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OPINION | Trade 101

IN his classic 1933 work, “The Theory of International Trade With Its Application to Commercial Policy,” Gottfried Haberler wrote:

“One speaks, for short, of ‘British’ exports’ and ‘Germany’s balance of trade.’ But to analyze these conceptions one must split them up into their component parts, i.e., into the actions of individuals.”


Trade is not carried out by countries as such. Or by regions. Or by societies. Or by governments (except when they buy and sell, in the same way that private companies buy and sell, each to provision itself as an organization). Trade is carried out only by individuals, each with his or her own distinct preferences (including risk-tolerances) as well as unique knowledge of time, place, and circumstances.

In any society that can reasonably be described as free, the result of the countless ongoing decisions by individuals to trade, and of just how to do so in each instance, is a vastly complex yet unplanned (and unplannable) pattern of “outcomes.” This complex pattern can be called, for linguistic convenience, say, “the American economy” or (more accurately) “the global economy.”

But it is not really an economy. The “it” as such — that which we call “the American economy” — serves no purpose in the sense of “it” being aimed to achieve some overall goal toward which each of its component actors is meant, or intends, to promote.

Americans do not work — do not produce, invest, consume, or “allocate resources” — in order to maximize American GDP, to “win” some always-imaginary game of global economic competition against some other country or countries, or to achieve any other aggregate or national goal. And so to attempt to evaluate the American economy according to any such criterion is a fundamental error.

To commit this error is to commit the same error that someone would fall into who, upon observing from a helicopter the flow of traffic along the I-95 corridor near Philadelphia, speaks of “the” purpose of the observed traffic pattern. Each driver has a purpose. And an observer from on high marvels as the orderliness of the pattern’s flow. Further, this observer speaks of “the traffic,” as if it is a thing unto itself. But “the” traffic — being merely a name for a complex and unplanned order that is the result of countess individual decisions — has no purpose. It is not an entity that can possibly possess a purpose.

The “traffic” of human commerce — the human “economy” — has no purpose. “The” [fill-in-this-blank with “American,” “Dutch,” “Chinese,” “global,” you name it] economy is merely a name that we give to a complex, emergent order the operation of which increases the prospects of each purposeful individual better achieving his or her individual goals. But “it” has no goals.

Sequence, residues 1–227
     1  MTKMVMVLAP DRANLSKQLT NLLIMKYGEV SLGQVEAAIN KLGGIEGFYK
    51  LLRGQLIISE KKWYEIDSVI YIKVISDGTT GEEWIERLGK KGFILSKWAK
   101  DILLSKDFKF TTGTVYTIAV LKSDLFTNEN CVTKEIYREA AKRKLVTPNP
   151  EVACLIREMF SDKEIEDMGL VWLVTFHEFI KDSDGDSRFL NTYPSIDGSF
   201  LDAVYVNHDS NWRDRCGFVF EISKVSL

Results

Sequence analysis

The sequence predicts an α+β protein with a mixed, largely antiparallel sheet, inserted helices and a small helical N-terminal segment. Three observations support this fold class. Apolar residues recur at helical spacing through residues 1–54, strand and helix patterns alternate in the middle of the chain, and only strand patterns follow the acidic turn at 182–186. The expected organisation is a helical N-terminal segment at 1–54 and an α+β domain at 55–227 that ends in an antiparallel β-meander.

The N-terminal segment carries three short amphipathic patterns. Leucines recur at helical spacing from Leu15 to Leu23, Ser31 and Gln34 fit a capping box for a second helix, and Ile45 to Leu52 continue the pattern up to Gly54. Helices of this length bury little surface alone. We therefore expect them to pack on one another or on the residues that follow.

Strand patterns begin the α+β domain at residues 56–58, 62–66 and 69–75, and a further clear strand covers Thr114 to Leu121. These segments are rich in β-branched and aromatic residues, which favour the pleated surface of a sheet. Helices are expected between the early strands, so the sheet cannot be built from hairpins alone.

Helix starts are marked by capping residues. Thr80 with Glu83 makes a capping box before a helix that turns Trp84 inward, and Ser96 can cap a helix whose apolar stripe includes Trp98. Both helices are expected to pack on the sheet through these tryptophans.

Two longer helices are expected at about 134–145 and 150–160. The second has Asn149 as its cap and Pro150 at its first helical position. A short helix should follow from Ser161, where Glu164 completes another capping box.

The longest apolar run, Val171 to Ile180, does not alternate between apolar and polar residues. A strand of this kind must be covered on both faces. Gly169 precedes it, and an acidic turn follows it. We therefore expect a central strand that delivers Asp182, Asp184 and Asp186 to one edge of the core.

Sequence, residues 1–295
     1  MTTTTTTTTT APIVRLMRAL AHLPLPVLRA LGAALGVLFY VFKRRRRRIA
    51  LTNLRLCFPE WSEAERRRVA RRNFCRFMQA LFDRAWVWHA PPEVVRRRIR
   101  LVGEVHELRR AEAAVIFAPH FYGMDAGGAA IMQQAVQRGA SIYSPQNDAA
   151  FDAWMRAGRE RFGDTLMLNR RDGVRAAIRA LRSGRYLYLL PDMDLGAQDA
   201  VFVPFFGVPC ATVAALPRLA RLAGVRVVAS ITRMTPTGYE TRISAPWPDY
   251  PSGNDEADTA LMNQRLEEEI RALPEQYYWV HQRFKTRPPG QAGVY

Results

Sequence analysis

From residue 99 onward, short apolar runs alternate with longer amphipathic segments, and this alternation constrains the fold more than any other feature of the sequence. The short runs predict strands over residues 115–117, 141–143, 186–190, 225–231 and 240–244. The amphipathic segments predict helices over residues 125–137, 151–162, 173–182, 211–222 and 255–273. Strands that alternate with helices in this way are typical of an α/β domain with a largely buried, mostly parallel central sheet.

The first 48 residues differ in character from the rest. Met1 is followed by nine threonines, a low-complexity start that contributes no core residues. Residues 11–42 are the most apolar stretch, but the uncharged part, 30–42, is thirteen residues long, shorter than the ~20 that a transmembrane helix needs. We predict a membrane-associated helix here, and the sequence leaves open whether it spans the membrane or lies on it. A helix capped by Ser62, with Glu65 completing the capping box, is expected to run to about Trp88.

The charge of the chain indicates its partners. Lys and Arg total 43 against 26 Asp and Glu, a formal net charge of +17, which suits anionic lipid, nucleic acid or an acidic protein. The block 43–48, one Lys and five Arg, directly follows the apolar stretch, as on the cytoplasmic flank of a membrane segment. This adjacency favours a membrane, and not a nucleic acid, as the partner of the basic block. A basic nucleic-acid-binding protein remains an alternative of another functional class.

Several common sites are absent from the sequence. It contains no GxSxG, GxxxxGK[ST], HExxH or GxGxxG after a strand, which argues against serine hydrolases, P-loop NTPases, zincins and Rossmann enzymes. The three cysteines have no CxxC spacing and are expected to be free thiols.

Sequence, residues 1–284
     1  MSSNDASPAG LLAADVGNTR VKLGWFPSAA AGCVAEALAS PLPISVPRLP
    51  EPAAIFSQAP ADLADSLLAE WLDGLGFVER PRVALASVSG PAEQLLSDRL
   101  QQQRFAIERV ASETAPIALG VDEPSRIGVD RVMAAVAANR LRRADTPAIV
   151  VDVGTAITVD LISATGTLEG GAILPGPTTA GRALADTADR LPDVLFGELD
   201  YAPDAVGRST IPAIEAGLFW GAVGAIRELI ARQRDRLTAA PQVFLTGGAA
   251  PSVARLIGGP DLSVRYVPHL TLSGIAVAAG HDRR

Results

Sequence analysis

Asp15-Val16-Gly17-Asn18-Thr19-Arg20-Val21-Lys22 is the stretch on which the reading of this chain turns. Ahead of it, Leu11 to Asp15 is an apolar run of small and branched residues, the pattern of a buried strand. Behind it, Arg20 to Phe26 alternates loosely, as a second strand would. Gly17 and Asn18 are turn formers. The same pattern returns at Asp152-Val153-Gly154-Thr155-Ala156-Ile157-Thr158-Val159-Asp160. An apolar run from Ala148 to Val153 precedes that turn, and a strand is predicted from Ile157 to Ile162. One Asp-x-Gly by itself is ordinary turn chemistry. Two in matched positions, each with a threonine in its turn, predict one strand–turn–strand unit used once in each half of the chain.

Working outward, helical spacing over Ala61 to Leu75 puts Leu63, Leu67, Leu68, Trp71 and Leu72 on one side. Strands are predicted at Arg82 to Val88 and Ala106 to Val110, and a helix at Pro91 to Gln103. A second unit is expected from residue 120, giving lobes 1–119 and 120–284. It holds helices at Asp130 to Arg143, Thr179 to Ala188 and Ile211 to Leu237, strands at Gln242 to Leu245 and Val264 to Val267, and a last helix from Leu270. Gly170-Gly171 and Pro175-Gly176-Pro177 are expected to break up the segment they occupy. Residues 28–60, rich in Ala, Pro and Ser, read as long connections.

Trump’s long-term goal is not global free trade

It is absurd to assert that President Donald Trump’s long-term goal is a world of freer trade.

Trump has pontificated on trade for decades, and every word out of his mouth clearly reveals a man who knows nothing about the economics of trade and who is as clichéd an economic nationalist as can be imagined.

Behold this line from a 1990 interview he did in Playboy: “The Japanese double-sc*ew the U.S., a real trick: First they take all our money with their consumer goods, then they put it back in buying all of Manhattan. So either way, we lose.”

Let’s examine this unalloyed gem of economic witlessness.

Overlooking Trump’s outrageous exaggerations, such as his claim that the Japanese buy up “all” of Manhattan, we start by stating an obvious truth: the voluntary purchase of a good is not a transaction in which the buyer is “sc*ewed” or has his or her money “taken.” Instead, the buyer’s money is voluntarily spent. While every person of good sense sees a foreign seller who makes attractive offers to domestic buyers as someone who improves the well-being of each buyer who accepts the offer, Trump sees this seller as a con artist or thief.

And so Trump ignores the value to Americans of the imports we purchase. In typical mercantilist fashion, he believes that the ultimate purpose of trade is to send out as many exports as possible in exchange for as much money as possible — money that in Trump’s ideal world is never spent on imports. His view on this matter is even more bizarre than that of ordinary mercantilists. For Trump, imports are not merely costs that we endure in order to export, they are actual losses. (Although it goes without saying, I’ll say it nevertheless: Trump does not understand that imports are benefits and that exports are costs.)

Furthermore, by describing the money spent on imports as “our money,” Trump reveals his belief that money earned by each American does not belong to that individual but, instead, to the collective.

Also in the fashion of the typical mercantilist, the presumption is that the nation is akin to a gigantic household whose members all share in and collectively own its money. And just as Dad justly superintends little Emma’s and Bobby’s spending to ensure that they don’t dissipate the family’s wealth, Uncle Sam must superintend his subjects’ spending in order to ensure that we don’t dissipate the nation’s wealth.

Don Boudreaux is a professor of economics at George Mason University.